Filing Fees

Include applicable state filing fees ($70).

Other Filing Tips

State forms must be typed or laser printed.


Nonprofit Corporations


How to File Articles of Incorporation for a Nonprofit Corporation

Utah nonprofit articles of incorporation must include the information listed below. Certain information is optional and is noted as such. The information provided to the Division of Corporations is considered public record. If you wish to keep certain information private, contact a professional for assistance.

1
Corporate Name

The name of your nonprofit corporation must be distinguishable from all names registered in Utah, including the names of other corporations, nonprofits, limited liability companies, registered partnerships, trademarks, service marks, assumed names, fictitious names, and reserved names. You may choose to reserve your corporate name for 120 days prior to filing your articles of incorporation by filing the Application for Reservation of Business Name. The filing fee is $22 and can be filed by mail or online.

Your corporate name may contain a corporate designator such as “corporation”, “incorporated”, ”company”, or an abbreviation of one of the same.

Certain words cannot be used in the corporate name without first obtaining approval such as words indicating connection with the Olympics or educational institutions.

2
Purpose

List the purpose or purposes for which the nonprofit is organizing. A general statement that the purpose of the corporation is to engage in any lawful act is acceptable, or you may detail a more specific purpose or purposes.

If you will apply for 501(c)(3) federal tax exemption, the IRS will require a description of the organization's purpose to be included in the articles. Consider using the language prescribed for your desired exemption as listed in IRS Pub Rev-557.

3
Registered Agent Name & Address

A registered agent receives service of process (notice of a lawsuit) and government notices for the corporation. The agent can be either an individual, such as an officer of the corporation, or a business entity. A nonprofit corporation cannot serve as its own registered agent. If you wish to keep your name and address off the public portion of the state's website, then you can appoint a commercial registered agent to be listed and serve as your agent. Appointing a commercial registered agent is a desirable option if the nonprofit is operating out of a home office of one of the directors, or if the office is not regularly open. A nonprofit may also choose to appoint a commercial agent to avoid the risk of a sheriff or process server arriving at the office in front of employees, partners, or donors.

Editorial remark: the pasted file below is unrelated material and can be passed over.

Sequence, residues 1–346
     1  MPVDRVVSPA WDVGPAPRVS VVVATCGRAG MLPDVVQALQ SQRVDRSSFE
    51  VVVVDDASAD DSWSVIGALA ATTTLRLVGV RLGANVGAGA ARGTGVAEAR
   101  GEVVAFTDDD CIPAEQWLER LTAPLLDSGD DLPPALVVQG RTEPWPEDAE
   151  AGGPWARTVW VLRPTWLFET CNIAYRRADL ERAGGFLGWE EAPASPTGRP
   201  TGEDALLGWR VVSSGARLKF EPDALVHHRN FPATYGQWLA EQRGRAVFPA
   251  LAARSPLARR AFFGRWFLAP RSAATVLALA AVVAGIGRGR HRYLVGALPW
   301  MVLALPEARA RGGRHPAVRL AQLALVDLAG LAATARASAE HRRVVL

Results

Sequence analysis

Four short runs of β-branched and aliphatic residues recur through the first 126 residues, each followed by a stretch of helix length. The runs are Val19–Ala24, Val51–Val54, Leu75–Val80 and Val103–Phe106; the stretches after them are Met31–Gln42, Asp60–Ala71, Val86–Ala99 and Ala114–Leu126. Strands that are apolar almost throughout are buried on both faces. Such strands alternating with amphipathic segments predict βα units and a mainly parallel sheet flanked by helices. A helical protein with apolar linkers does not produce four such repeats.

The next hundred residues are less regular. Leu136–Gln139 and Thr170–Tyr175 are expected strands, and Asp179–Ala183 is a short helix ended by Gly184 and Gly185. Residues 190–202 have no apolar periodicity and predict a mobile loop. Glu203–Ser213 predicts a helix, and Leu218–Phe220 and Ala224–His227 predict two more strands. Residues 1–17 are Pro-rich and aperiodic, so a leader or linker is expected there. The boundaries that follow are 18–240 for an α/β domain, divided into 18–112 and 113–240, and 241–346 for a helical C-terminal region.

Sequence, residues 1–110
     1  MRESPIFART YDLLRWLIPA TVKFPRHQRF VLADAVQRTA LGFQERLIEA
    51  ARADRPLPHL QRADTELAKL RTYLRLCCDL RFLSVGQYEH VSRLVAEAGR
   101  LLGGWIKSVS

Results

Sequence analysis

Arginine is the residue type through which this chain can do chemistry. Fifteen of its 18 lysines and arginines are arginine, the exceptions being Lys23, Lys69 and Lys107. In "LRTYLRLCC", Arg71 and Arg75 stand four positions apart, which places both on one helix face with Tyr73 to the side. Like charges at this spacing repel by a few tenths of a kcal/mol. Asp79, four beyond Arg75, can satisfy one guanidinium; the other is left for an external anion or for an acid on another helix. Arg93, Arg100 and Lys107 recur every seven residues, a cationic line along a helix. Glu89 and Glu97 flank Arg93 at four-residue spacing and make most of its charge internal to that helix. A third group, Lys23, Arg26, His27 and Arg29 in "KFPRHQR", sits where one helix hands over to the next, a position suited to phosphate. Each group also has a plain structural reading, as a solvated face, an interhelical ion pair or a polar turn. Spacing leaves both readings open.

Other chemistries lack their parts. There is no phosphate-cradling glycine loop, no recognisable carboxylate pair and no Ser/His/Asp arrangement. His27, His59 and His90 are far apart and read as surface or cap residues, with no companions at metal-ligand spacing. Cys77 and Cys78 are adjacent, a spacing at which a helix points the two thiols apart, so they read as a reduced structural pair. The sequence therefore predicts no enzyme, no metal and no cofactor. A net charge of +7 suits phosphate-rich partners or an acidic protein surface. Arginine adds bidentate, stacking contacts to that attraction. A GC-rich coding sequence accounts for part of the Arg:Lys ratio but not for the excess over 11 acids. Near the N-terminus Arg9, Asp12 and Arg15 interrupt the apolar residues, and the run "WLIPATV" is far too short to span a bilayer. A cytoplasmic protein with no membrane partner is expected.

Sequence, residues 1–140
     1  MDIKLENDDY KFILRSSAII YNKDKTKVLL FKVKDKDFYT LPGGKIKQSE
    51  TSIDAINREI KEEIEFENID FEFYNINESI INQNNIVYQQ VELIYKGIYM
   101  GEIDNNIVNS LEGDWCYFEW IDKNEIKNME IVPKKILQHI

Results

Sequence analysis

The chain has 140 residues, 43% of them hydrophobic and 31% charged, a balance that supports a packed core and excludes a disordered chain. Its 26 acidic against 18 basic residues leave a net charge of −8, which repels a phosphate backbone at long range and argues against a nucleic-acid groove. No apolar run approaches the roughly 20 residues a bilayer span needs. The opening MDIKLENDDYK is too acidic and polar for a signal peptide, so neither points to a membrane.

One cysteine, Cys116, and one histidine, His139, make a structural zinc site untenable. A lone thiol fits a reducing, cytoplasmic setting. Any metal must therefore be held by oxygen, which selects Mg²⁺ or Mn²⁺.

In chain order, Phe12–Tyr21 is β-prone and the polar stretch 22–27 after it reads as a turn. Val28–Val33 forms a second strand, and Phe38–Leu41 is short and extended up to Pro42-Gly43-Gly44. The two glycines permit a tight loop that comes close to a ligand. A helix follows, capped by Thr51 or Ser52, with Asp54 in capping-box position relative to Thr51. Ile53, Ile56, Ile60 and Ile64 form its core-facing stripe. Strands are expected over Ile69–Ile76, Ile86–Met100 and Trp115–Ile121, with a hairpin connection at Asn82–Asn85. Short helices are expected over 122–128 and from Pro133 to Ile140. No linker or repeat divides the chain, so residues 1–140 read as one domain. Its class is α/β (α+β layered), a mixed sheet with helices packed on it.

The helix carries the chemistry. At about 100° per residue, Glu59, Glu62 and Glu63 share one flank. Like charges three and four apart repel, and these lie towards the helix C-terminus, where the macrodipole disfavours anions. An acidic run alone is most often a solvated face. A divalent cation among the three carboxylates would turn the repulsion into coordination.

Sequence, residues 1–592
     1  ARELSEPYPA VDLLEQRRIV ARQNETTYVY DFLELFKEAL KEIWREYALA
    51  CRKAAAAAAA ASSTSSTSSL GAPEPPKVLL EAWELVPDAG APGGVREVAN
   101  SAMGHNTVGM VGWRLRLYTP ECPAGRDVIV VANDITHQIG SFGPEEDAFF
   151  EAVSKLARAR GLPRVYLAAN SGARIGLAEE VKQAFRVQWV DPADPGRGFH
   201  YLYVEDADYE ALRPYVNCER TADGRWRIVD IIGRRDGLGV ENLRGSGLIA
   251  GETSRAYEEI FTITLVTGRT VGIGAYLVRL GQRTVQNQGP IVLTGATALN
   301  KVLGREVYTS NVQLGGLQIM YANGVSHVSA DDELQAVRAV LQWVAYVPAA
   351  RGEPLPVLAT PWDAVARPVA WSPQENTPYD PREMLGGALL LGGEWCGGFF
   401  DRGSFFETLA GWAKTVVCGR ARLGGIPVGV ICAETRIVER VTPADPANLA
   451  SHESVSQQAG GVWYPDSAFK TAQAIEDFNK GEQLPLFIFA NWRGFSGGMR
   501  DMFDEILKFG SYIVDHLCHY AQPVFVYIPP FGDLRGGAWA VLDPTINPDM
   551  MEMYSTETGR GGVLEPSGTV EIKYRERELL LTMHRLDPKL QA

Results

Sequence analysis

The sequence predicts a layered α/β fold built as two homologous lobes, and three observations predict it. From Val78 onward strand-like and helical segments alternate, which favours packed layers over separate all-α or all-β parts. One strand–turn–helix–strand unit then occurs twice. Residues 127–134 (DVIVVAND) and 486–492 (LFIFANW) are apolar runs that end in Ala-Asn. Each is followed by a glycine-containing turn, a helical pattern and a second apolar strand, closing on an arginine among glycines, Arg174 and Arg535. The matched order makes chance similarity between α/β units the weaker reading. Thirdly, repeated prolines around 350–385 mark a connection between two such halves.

The registered office address must be a street address located in Utah. It may not be a PO box or mailbox service.

4
Incorporators

List the name and address of the individual responsible for organizing the corporation. The incorporator must be a natural person of 18 years of age. You can attach a separate sheet to list more than one incorporator. All incorporators must sign the articles.

5
Voting Members

Include a statement as to whether the nonprofit will have voting members. Members of a nonprofit corporation elect the board of directors and provide a layer of oversight that is important to many nonprofits, especially larger ones. Having members however adds complexity in management, recordkeeping, and compliance.

6
Shares

Include a statement as to whether the nonprofit will issue shares evidencing membership or interests in property rights. If shares will be issued, indicate the aggregate number of shares to be authorized and whether the shares will be divided up into classes.

7
Assets

State that upon dissolution of the nonprofit corporation, assets will be distributed in a manner consistent with the law. See 'Provisions Required for 501(c)(3) Eligibility' below for dissolution provisions for 501(c)(3) organizations.

8
Principal Address

List the principal address of the nonprofit corporation.

9
Provisions Required for 501(c)(3) Eligibility

Nonprofits that wish to apply for 501(c)(3) exemption should review IRS rules and include required provisions. IRS guidance for your desired exemption is available in IRS Pub Rev-557. In general:

  • Describe how the nonprofit will distribute assets if the corporation is dissolved or liquidated.
  • Include provisions regarding regulating the internal affairs of the corporation such as limiting inurement.

Understand that, more generally, federal and state tax exemptions often require specific language in the articles of incorporation. It is best to research and use the exact language required by each tax-exemption or tax-deductible application in each state and with each agency where you will apply.

*
Directors & Officers (Optional)